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These clues from the Galápagos led Darwin (immediately? long afterward? here the mythic story is vague) to conclude that Earth's living diversity has arisen by an organic process of descent with modification—evolution, as it's now known—and that natural selection is the mechanism. He wrote a book called The Origin of Species and persuaded everyone, except the Anglican Church establishment, that it was so.

Well, yes and no. This cartoonish account of the Beagle voyage and its consequences contains a fair bit of truth, but it also confuses, distorts, and omits much. For instance, the finches weren't as illuminating as the diversity of the islands' mockingbirds, at least not initially, and Darwin couldn't make sense of them until a bird expert back in England helped. The Galápagos stopover was a brief anomaly near the end of an expedition devoted mostly to surveying the South American coastline. Darwin hadn't signed on to the Beagle as its official naturalist; he was a 22-year-old Cambridge graduate pointed rather indifferently toward a career as a country clergyman, invited on the voyage as a dining companion for the captain, a mercurial young aristocrat named Robert Fitzroy. Darwin did assume the role of naturalist, and think of himself that way, as time went on. But his theory developed slowly, secretively, and The Origin of Species (full title: On the Origin of Species by Means of Natural Selection, or the Preservation of Favoured Races in the Struggle for Life) didn't appear until 1859. Many scientists, along with some Victorian clergymen, resisted its evidence and arguments for decades afterward. The reality of evolution became widely accepted during Darwin's lifetime, but his particular theory—with natural selection as prime cause—didn't triumph until about 1940, after it had been successfully integrated with genetics.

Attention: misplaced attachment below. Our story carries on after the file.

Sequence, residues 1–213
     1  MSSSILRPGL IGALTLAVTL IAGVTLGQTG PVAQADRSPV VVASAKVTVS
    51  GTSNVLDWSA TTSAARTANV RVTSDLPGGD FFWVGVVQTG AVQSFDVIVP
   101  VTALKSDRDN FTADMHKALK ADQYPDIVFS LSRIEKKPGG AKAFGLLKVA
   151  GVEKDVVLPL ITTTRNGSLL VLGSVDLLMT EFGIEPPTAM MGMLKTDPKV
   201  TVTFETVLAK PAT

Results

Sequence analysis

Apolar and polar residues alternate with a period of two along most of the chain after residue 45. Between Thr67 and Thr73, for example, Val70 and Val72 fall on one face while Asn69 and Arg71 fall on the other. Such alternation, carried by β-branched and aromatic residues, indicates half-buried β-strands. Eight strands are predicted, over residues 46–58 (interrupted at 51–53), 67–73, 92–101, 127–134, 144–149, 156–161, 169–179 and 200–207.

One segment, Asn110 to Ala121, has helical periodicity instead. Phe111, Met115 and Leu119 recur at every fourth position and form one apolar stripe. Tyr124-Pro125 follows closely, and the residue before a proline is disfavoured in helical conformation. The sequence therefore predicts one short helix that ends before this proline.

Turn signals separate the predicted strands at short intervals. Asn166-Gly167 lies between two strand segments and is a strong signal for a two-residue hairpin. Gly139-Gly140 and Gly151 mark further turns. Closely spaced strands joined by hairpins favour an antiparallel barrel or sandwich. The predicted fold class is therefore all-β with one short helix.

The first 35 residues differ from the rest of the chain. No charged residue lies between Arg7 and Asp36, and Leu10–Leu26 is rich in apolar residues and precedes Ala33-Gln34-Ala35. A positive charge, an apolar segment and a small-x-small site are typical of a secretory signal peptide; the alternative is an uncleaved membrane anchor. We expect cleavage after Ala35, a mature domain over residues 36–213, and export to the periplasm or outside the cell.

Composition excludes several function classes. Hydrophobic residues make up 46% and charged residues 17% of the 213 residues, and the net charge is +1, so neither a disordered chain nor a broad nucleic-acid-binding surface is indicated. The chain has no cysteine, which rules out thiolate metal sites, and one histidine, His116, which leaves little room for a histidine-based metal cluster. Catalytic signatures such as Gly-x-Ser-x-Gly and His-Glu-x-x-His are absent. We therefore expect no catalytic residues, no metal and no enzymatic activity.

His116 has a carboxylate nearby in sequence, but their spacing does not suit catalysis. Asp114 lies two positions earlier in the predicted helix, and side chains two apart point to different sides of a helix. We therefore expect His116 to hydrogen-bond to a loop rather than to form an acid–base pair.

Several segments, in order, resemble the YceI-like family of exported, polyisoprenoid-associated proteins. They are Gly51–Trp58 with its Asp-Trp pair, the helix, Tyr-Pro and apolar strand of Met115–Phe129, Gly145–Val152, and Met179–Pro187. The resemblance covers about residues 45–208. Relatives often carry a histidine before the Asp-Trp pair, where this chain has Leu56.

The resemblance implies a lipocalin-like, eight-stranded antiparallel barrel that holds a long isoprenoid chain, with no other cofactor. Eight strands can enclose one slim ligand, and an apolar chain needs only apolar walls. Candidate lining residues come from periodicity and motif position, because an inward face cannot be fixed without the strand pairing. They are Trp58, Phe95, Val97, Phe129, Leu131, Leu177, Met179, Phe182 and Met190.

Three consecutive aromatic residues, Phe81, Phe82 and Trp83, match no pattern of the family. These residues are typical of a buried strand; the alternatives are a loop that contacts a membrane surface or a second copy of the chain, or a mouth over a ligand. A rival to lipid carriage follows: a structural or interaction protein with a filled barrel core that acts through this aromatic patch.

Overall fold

Apart from those clarifications, the most interesting point missed by the simplified tale is this: Darwin's first real clue toward evolution came not in the Galápagos but three years before, on a blustery beach along the north coast of Argentina. And it didn't take the form of a bird's beak. It wasn't even a living creature. It was a trove of fossils. Never mind the notion of Darwin's finches. For a fresh view of the Beagle voyage, start with Darwin's armadillos and giant sloths.

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